ROME (Reuters) - Prime Minister Matteo Renzi launched his campaign on Saturday to win an October referendum on constitutional reform, staking his political future on an attempt to finally give Italy stable governments.
Recent opinion polls suggest the electorate will reject his proposal to streamline the parliamentary system and strip Italy’s regions of some of their decision-making powers.
The 41-year-old prime minister has said he will stand down if he loses, a gamble that could usher in a new era of political chaos and revive market turbulence in the euro zone’s third-largest economy.
“We want to make clear that this reform is not just about one person, rather it is a reform that will give Italy a bit of hope for the future,” Renzi said in a speech to supporters in the northern city of Bergamo.
“Do you want Italy to carry on as it is now, or do you want to give it a future?”
The reform, which was approved by parliament last month after almost two years of fierce debate, effectively abolishes the upper house Senate as an elected chamber and sharply restricts its ability to veto legislation.
Under the current system, the upper and lower houses of parliament have equal powers and critics say this is one of the reasons why Italy has had 63 governments since World War Two, none of them strong enough to survive a full five-year term.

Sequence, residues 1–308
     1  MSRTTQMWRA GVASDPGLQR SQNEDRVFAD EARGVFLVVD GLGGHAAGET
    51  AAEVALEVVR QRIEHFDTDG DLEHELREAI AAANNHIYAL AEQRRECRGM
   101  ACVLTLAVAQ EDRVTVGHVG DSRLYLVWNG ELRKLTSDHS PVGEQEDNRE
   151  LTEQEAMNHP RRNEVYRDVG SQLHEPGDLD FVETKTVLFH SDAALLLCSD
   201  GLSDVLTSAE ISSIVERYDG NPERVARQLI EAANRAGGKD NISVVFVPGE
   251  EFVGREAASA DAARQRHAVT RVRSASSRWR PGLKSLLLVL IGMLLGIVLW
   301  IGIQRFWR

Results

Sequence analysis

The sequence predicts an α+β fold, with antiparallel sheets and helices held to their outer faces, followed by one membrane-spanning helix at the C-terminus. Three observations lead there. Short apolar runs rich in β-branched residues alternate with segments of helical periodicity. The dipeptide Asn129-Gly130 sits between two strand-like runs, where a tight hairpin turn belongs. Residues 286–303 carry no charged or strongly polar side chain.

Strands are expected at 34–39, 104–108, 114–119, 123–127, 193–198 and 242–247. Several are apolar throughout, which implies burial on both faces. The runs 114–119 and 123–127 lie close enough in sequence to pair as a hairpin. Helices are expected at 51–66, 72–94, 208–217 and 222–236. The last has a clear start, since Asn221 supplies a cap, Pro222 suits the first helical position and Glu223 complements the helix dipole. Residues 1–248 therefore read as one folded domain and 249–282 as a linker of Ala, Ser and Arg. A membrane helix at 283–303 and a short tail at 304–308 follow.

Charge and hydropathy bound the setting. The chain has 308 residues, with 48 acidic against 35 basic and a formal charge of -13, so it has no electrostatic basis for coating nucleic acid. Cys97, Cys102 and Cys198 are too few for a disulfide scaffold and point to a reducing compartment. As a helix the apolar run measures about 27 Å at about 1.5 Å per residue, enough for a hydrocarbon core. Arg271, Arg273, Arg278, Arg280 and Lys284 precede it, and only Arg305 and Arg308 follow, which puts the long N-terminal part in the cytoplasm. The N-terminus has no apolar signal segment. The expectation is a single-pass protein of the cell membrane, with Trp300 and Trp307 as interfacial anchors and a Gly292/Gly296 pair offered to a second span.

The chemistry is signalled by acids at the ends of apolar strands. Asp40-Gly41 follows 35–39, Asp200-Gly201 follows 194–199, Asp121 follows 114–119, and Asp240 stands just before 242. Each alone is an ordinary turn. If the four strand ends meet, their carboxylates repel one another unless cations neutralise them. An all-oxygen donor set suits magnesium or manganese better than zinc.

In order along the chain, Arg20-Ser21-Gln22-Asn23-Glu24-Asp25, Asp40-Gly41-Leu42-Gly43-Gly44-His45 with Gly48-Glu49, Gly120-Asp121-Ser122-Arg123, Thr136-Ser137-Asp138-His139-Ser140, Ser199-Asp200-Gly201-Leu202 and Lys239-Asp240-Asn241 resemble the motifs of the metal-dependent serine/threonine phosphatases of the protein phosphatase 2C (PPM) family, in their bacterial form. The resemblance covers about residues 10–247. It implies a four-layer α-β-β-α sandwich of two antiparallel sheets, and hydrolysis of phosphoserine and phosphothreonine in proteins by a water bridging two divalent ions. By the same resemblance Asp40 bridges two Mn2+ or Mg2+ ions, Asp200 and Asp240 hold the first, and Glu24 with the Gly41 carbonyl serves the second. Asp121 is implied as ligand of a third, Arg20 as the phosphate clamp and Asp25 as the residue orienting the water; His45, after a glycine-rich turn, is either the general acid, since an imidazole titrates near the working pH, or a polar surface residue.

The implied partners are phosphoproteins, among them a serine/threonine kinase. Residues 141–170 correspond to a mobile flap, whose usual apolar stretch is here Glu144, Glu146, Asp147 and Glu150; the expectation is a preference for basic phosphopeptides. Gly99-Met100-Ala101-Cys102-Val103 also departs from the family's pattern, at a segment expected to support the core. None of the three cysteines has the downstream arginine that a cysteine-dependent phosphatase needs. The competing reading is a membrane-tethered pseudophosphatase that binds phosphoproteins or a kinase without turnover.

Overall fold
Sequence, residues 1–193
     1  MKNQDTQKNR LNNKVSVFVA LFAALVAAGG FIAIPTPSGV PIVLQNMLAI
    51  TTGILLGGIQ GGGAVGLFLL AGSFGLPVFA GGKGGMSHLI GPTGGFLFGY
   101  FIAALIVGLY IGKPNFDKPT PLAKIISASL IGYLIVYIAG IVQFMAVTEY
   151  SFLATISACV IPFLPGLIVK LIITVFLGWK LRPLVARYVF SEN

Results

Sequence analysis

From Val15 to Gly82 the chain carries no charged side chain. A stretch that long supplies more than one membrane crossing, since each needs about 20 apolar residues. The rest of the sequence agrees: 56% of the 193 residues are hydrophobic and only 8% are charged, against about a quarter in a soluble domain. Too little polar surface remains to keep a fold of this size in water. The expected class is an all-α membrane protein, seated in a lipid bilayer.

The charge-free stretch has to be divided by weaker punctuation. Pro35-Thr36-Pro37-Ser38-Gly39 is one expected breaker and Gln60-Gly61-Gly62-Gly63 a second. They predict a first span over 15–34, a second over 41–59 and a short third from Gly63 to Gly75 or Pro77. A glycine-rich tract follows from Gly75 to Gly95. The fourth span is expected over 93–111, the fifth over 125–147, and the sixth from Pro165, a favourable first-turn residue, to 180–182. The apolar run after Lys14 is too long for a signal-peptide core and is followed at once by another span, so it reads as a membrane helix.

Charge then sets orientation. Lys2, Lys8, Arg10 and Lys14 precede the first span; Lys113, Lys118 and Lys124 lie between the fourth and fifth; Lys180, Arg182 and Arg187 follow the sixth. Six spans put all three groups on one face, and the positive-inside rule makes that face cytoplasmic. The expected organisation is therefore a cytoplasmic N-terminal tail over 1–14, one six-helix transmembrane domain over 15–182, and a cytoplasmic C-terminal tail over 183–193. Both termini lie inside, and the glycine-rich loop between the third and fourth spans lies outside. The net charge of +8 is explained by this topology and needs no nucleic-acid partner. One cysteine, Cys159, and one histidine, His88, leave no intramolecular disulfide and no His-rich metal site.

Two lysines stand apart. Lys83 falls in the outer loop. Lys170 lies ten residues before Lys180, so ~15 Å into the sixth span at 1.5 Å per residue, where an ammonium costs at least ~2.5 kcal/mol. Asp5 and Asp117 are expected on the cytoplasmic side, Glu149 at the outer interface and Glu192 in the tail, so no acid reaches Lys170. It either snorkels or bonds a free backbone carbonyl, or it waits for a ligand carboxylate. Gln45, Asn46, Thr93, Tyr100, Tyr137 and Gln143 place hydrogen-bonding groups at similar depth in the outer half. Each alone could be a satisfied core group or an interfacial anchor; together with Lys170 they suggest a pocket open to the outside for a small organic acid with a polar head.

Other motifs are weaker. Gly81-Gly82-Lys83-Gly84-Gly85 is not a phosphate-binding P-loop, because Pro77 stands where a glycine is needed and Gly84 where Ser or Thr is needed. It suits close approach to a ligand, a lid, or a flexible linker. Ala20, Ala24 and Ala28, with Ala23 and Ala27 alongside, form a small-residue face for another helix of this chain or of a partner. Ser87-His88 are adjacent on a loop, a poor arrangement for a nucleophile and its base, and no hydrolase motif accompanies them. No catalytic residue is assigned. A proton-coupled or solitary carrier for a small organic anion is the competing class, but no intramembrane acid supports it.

Opponents say the proposed change would strip away democratic checks and balances that were put in place after World War Two to prevent the rise of another political strongman like the Fascist leader Benito Mussolini.
All the main opposition parties are set to campaign for a ‘No’ vote. “Dear Renzi, you will be unemployed come October,” wrote Renato Brunetta, parliamentary head of the once-dominant Forza Italia (Go Italy!) party, on his Facebook page.
Italy has one of the biggest public debt burdens in Europe, at 133 percent of gross domestic product, and renewed political turmoil could reignite investor doubts about its sustainability, which in turn could raise new doubts about the euro zone.
“Italy’s political risk right now does not appear on the radar of markets. The story may change over the next months,” analysts at Deutsche Bank said in a note to clients last week.
“The October referendum on the Senate reform is crucial.”
Opinion polls in April suggested Renzi would win a clear majority, but a survey carried out this month for RAI state television said 54 percent of people planned to vote ‘no’.
If Renzi loses and sticks to his pledge to quit, Italy will be in political limbo. A recent electoral reform was related only to the lower house, in the expectation that the Senate would be removed from the political equation.
That would make a swift general election extremely hard to stage and mean that a new government would probably have to take office to enact yet another overhaul of the voting system.
Reporting by Crispian Balmer; Editing by Ruth Pitchford